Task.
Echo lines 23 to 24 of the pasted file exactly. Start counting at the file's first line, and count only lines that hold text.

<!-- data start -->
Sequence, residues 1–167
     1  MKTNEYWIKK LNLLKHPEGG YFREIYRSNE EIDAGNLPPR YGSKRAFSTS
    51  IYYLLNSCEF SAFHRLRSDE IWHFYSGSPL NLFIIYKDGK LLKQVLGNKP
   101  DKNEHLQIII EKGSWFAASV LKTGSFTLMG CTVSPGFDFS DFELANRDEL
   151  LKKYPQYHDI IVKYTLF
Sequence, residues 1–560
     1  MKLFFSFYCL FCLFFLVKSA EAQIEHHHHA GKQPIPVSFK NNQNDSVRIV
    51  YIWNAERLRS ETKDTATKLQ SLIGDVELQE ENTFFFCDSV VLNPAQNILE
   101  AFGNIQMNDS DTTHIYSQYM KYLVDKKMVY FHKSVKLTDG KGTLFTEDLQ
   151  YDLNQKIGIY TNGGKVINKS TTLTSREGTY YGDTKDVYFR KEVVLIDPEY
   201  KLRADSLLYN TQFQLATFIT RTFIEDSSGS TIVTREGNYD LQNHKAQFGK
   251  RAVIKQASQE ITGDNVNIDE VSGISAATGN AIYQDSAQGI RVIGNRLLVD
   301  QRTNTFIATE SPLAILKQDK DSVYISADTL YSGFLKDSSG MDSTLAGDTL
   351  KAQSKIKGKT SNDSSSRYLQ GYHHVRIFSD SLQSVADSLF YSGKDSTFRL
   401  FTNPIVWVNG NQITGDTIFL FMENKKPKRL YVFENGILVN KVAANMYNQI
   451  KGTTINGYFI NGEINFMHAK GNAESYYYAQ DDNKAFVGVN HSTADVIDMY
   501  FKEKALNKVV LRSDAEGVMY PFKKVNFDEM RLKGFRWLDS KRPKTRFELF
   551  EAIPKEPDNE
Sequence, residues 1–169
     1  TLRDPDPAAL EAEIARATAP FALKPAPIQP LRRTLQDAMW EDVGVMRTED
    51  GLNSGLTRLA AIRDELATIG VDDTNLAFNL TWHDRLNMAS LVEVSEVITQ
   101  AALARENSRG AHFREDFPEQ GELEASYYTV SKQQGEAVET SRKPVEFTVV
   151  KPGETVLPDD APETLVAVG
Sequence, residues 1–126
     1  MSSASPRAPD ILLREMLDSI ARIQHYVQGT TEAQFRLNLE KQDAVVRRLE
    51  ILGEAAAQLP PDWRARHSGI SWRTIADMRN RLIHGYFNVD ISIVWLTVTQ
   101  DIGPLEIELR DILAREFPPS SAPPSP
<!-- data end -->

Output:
   151  KPGETVLPDD APETLVAVG
Sequence, residues 1–126